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ERIC Number: ED522553
Record Type: Non-Journal
Publication Date: 2010
Pages: 201
Abstractor: As Provided
Reference Count: 0
ISBN: ISBN-978-1-1243-1431-0
Exploring a Cognitive Approach to Make Sense of Student Responses to Mathematics Performance Assessments
Hsu, Ming-Sung
ProQuest LLC, Ph.D. Dissertation, University of Washington
The purpose of this study was to explore a cognitive approach to analyzing students' written responses to mathematics performance assessments to inform learning, instruction, and assessment design and development. The existing data used in this study were seventh grade students' written responses to, and item scores on, four released mathematics performance tasks used for state assessment. The students' written work included anchor, practice, and qualifying sets of papers used for rater training. The Rasch item parameters from a measurement model based on item response theory were also collected for data analysis. Grounded on Mislevy's evidentiary assessment argument, as well as advanced knowledge of cognitive research on problem solving, this study used a written protocol approach to investigate the cognitive complexity of mathematics performance tasks and the quality of scoring rubrics for those tasks. A quantitative analysis of the cognitive aspects of students' responses was also conducted using cognitive scoring rubrics based on four cognitive components suggested from research on mathematical problem solving. The findings of this study suggest that a cognitive approach to analyzing students' written responses to mathematics performance assessments can provide (a) empirical evidence that supports (or refutes) claims about the cognitive complexity of these assessments; (b) cognitive evidence to validate scoring methods to ensure that cognitive aspects of task performance will be assessed; and (c) rich, meaningful, and diagnostic assessment information about student learning in mathematics. The results of this study have educational implications suggesting that this cognitive approach can be used to provide (a) a useful framework for obtaining cognitive evidence as feedback to decisions about task revision, deletion, or inclusion when designing and developing performance assessments; (b) a useful approach to inform scoring rubric development and scoring as well as rater training; and (c) a method for analyzing students' thinking and reasoning from their written work to inform teachers of student learning and instruction in the context of the classroom. The limitations of this are discussed and suggestions for future research are also given in this study. [The dissertation citations contained here are published with the permission of ProQuest LLC. Further reproduction is prohibited without permission. Copies of dissertations may be obtained by Telephone (800) 1-800-521-0600. Web page:]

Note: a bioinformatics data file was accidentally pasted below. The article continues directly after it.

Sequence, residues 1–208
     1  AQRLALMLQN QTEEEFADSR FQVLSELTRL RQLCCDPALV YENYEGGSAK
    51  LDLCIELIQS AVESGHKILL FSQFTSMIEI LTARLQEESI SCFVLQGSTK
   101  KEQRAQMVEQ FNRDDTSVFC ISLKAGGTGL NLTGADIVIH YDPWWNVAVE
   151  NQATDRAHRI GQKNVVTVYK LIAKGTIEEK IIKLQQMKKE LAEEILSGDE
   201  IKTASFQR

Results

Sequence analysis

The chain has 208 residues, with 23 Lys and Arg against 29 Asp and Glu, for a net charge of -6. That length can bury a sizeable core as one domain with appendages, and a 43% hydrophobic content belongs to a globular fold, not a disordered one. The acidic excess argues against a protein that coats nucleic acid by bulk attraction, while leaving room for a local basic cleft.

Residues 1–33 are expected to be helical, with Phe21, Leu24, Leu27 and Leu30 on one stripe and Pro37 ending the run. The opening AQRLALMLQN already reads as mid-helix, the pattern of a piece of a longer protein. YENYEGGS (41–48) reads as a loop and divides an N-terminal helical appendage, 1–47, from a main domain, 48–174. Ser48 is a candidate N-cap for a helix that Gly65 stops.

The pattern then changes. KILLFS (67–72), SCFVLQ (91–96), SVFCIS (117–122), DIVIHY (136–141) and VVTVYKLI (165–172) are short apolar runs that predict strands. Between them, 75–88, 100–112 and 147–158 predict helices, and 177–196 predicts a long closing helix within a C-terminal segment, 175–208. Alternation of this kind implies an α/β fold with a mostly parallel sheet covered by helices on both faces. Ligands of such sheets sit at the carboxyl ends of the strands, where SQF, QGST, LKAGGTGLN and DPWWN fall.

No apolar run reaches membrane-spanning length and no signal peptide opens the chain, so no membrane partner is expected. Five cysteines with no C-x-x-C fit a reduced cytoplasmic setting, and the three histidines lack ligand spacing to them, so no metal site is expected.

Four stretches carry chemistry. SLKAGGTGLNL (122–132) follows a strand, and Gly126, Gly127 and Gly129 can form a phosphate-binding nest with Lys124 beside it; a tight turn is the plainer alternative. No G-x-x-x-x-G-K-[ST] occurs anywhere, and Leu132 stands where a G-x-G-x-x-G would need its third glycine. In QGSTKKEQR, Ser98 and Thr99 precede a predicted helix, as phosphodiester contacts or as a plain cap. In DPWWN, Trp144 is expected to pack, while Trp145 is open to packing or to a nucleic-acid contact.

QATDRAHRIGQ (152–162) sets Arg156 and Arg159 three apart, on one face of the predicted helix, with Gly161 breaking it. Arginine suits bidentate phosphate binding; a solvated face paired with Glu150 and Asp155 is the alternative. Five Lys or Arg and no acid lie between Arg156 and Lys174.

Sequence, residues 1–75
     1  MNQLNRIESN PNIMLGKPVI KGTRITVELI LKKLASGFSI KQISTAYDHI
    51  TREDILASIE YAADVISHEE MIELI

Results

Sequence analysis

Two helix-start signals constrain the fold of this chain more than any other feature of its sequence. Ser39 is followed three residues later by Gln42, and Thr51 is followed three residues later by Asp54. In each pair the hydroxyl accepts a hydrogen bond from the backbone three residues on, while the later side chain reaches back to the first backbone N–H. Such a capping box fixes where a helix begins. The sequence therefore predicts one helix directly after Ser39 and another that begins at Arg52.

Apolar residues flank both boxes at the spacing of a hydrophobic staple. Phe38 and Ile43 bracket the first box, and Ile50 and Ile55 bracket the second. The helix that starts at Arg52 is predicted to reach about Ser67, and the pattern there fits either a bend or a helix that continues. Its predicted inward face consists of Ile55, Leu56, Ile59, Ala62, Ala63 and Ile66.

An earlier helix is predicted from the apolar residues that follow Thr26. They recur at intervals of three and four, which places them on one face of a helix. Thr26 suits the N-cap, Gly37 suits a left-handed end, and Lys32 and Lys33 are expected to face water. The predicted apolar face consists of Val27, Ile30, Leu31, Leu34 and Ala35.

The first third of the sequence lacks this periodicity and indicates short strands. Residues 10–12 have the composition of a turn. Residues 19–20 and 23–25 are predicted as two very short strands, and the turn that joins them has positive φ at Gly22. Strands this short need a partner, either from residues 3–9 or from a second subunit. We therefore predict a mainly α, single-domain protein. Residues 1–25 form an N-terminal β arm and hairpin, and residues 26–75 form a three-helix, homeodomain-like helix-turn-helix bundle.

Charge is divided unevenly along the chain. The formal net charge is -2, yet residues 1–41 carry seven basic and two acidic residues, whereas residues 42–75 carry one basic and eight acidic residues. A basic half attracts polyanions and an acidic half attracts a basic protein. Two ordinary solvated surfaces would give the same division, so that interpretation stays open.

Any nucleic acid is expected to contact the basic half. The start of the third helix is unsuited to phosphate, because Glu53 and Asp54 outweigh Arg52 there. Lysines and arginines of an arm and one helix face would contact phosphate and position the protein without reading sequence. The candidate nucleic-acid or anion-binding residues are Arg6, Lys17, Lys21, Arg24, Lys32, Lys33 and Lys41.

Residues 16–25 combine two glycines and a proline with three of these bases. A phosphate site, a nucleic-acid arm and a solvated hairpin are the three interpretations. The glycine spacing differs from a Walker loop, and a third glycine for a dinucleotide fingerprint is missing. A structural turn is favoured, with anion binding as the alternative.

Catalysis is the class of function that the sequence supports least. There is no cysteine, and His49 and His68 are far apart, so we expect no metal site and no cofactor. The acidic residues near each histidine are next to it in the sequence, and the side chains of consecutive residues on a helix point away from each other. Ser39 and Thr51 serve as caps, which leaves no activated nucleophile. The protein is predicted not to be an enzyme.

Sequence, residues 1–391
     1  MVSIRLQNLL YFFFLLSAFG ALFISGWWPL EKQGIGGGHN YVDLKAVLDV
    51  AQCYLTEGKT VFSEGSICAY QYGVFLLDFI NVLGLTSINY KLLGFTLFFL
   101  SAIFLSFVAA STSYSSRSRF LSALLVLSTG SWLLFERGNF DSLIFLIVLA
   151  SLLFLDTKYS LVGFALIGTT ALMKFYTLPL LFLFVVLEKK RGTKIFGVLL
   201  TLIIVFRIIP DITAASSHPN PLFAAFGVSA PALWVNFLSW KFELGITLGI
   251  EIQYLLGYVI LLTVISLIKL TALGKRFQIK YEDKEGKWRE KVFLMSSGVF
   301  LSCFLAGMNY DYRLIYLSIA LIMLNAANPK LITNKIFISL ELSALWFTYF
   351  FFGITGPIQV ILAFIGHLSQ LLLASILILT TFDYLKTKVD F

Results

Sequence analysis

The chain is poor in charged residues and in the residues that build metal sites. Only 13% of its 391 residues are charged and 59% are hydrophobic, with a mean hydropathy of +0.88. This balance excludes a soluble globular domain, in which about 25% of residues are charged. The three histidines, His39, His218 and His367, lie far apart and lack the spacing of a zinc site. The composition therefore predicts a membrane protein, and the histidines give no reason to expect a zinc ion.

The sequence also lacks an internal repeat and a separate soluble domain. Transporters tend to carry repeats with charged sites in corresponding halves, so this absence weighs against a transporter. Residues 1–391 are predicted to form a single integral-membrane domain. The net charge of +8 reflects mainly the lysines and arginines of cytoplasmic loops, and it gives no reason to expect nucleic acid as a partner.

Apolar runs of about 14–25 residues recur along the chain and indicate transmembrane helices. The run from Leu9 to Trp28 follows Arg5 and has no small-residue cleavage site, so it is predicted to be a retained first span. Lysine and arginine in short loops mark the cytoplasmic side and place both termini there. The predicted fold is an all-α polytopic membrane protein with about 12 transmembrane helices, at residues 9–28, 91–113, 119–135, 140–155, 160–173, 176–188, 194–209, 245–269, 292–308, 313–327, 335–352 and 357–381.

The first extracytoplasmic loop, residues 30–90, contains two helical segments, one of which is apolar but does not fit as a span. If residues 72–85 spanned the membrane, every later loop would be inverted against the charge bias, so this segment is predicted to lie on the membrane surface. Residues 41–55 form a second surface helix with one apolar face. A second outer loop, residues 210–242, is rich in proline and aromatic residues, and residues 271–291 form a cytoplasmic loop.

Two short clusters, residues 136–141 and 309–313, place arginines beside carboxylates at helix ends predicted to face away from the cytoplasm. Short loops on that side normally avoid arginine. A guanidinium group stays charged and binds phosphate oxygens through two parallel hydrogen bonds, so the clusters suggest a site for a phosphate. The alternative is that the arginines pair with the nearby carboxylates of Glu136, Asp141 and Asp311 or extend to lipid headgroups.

ProQuest LLC. 789 East Eisenhower Parkway, P.O. Box 1346, Ann Arbor, MI 48106. Tel: 800-521-0600; Web site:
Publication Type: Dissertations/Theses - Doctoral Dissertations
Education Level: Grade 7; Middle Schools; Secondary Education
Audience: N/A
Language: English
Sponsor: N/A
Authoring Institution: N/A